Dior Creative Director of Makeup Peter Philips on Seville; respecting designer visions; lip gloss and being a feminist
The quietly spoken Belgian joined in Dior in March 2014, initially working with Raf Simons, and latterly with Maria Grazia Chiuri. It was the latest step in an impressive career that included creating makeup for Chanel and working with Karl Lagerfeld, no less.
Philips got his start early, working previously with Raf Simons and collaborating with greats like Alexander McQueen and Dries Van Noten.
Peter’s latest show was this month in Seville, for Chiuri’s spiritual cruise collection in the capital of Andalusia. A blend of equestrian style, Iberian-gothic detailing; and a multiplicity of hats.
So, just seconds before the cast marched out into the monumental splendor of the Plaza de España, we sat down with Philips to hear how he links up with Chiuri; avoiding makeup clichés; and how trashy can be chic.
Fashion Network: In this cruise collection how did you decide to interpret the themes that Maria Grazia had in mind?
Peter Philips: Well it’s a conversation, designing the look. Teamwork with Guido (Palau, hairstylist), me, the set design (Alexandre de Betak) and music (Michel Gaubert). We have to support her [Maria Grazia’s] vision. The make up for this show sort of grew. First, we wanted to do nothing and keep it fresh and glowy skin because the clothing is kind of heavy. The embroidery, the costume-ship, the hats. So, we wanted to keep it fresh and young.
But, in this big environment, this huge setting, an evening show, you kind of have to do something so that the girls don’t disappear. And we didn’t want to go for a red lip. We didn’t want to go for too much cliché. So, we actually played with shadow, a black smoky eye but not a traditional one.
The hats give a lot of shadow. What I wanted was the eyeshadow starting to move a bit like when you’ve been dancing all night, as it becomes a bit sweaty. Not too trashy but to make it more luminous. Because in this heat, it’s actually also easier to do trashy than to do something perfect and let it be trashed by the climate.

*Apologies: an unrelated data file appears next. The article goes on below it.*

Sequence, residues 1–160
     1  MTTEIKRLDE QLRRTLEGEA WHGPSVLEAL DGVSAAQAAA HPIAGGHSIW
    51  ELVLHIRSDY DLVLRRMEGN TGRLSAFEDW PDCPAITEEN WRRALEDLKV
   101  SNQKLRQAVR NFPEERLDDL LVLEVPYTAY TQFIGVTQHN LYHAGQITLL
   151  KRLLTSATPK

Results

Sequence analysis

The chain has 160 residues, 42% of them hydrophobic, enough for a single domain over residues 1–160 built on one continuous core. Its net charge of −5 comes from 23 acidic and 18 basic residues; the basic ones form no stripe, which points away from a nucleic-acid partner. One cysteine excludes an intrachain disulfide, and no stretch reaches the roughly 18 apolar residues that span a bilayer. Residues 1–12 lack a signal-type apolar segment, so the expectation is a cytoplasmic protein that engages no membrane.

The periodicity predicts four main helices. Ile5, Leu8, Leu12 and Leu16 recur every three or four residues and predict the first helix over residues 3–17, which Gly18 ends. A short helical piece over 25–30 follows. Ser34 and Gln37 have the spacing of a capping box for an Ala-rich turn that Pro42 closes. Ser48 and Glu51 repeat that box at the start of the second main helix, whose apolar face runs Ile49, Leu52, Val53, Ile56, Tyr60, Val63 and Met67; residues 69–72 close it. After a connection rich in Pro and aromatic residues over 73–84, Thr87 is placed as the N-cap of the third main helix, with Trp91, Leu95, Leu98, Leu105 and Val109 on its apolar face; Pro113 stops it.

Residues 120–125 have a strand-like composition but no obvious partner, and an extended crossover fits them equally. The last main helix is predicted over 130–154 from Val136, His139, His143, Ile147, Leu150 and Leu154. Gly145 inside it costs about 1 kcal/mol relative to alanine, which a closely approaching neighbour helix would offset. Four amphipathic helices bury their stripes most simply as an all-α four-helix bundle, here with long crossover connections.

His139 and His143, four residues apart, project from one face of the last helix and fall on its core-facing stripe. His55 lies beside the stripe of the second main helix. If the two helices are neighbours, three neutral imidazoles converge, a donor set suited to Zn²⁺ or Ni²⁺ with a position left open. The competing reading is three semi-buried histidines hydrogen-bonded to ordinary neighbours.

FNW: What did you want to do with the lips?
PP: Just scrubbed them so there’s no dead skin and moisturized them with a lip balm. Rouge Dior lip balm. And on the darker-skinned girls we had tinted lip balms. They are very sheer but add just a bit of color on the lip. But it’s more about the shine than about the color.
FNW: What products of Dior have you been using to effect in this show?
PP: It started in the prep. I used the Capture Total skincare routine to make sure the skin [of the models] is nice and hydrated. I know it will give a good dewy shine under foundation. And then I use the face and body foundation which I know has a bit of a matte finish but combined with the Capture Totale it ages nicely and it looks beautiful in a hot climate. It will be very dewy. It’s shiny without looking sweaty and that’s what I wanted for tonight. Then we just do the T-zone. We mattify…
FNW: The T-Zone?
PP: The parts of the face that where they sweat it’s not too flattering. Such as, the side of the nose, the forehead, the hairline and the chin. And we used “Powder no Powder” which is kind of an amazing product because there is no talc. It’s pure pigment and it has a finish in it which is a little bit luminous. I have a bit on my arm here. You see, it has a nice glow but it’s not matte and there’s no talc. I put it on the side of the nose, and the forehead. It makes very dewy looking skin.
FNW: You were quite famous for your dramatic make up especially at Raf and Chanel. How have you tried to interpret your role at Dior?